The U.S. government says it will use the Defense Production Act to help transform a legacy photographic film maker into a producer of pharmaceutical ingredients, including those for hydroxychloroquine, the anti-malarial President Donald Trump has touted as a treatment to ward off the coronavirus.
“Today I’m proud to announce one of the most important deals in the history of U.S. pharmaceutical industries,” Trump told reporters in the White House briefing room Tuesday afternoon.
Kodak will receive a $765 million loan under the Defense Production Act to launch a pharmaceuticals company, creating hundreds of jobs, Trump said.
It is not a done deal, however, according to the White House.
A letter of intent has been signed and final negotiations continue under which the U.S. International Development Finance Corporation (DFC) will make the loan.
The DFC is supposed to focus on loans for overseas projects as an alternative to China’s “Belt and Road” infrastructure initiative.
Democratic Party members of Congress are questioning why the DFC is taking on a domestic role for which it was not intended.
Once fully operational, Kodak is to have the capacity to produce 25% of the generic active pharmaceutical ingredients necessary for all nonbiologic and nonantibacterial pharmaceuticals used in the United States, according to the White House.
Currently, 90% of all prescriptions written in the country are for generic drugs, which Trump said on Tuesday “can be just as good as the brand names but cost much less.”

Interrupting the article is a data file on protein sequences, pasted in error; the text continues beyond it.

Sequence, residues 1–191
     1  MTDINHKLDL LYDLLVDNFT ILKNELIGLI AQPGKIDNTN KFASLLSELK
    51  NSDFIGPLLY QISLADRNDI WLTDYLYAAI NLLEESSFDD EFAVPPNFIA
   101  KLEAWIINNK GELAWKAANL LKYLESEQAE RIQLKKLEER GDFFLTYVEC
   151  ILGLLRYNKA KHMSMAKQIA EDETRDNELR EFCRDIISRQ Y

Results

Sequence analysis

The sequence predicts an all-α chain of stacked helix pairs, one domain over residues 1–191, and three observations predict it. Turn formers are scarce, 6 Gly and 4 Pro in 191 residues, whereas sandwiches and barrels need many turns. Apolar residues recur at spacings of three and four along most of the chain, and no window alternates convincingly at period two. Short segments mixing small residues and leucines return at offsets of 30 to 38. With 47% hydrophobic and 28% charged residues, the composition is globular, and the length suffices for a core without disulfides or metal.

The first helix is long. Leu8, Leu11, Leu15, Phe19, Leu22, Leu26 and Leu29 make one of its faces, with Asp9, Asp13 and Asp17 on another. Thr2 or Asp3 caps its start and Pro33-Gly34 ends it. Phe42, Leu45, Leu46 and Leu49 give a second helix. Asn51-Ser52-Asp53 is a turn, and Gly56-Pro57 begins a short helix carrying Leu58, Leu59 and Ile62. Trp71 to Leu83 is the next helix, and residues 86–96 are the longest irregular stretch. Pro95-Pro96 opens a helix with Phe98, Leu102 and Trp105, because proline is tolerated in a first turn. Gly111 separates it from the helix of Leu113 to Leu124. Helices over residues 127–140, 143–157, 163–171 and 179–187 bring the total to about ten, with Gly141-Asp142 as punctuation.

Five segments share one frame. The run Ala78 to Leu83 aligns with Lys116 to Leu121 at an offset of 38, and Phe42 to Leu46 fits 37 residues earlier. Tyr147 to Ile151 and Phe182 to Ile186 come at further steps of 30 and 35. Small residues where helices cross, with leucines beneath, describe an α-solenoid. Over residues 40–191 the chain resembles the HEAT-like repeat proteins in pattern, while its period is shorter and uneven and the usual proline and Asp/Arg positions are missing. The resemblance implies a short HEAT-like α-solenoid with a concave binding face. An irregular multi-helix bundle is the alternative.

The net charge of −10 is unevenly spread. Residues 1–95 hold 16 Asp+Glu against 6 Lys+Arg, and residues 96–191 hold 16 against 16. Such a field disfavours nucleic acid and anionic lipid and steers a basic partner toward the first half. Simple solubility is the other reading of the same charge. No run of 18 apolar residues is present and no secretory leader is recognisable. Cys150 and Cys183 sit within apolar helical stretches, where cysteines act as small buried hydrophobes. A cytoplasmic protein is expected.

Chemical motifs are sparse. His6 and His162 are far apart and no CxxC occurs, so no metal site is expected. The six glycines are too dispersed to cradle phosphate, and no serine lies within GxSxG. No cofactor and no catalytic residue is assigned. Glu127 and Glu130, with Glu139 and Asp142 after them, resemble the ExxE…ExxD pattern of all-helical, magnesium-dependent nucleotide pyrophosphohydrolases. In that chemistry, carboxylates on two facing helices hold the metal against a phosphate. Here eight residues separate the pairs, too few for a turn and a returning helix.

Less than 10% of the active pharmaceutical ingredients for such drugs sold in the United States are made domestically, with “more than 50% made in India and China,” the president said.
Kodak, which declared bankruptcy in 2012, was once a household name in America and much of the world — having a virtual monopoly for much of the 20th century on photographic and motion picture film in North America and elsewhere.
“It was one of the great brands in the world,” Trump said. “Then people went digital, and Kodak didn’t follow.”
The 132-year-old company will work with the U.S. government and manufacturers to identify the products most needed to meet national security requirements, the White House said.
"What we have with this project and Kodak may be one of the greatest second acts in American industrial history,” Peter Navarro, the White House trade adviser, said earlier in the day.
“It’s a breakthrough in bringing pharmaceutical manufacturing back to the United States,” Trump said.
Kodak’s stock price, which tripled during regular trading hours Tuesday, rose another 40% after Trump’s remarks.
The White House said the support for Kodak’s new venture will be the 33rd time this administration has used the Defense Production Act, amounting to $3.2 billion, “to provide critical support for essential medical resources and our defense industrial base.”
Kodak CEO Jim Continenza told the Democrat & Chronicle newspaper in the company’s hometown of Rochester, New York, that the firm has “a long, long history in chemical and advanced materials — well over 100 years” and its existing infrastructure will allow the new venture “to get up and running quickly.”
Trump gave rare praise to New York’s Democratic governor, Andrew Cuomo, for supporting the initiative.
The two politicians have feuded recently over responses to the coronavirus pandemic, with Cuomo commenting that if the Trump administration had done its job, the virus would not have come to New York.
Cuomo released a statement Monday about the Kodak initiative, saying “that all too often we heard these materials were made in China or made in India. America could not provide for her own needs. That just cannot happen again."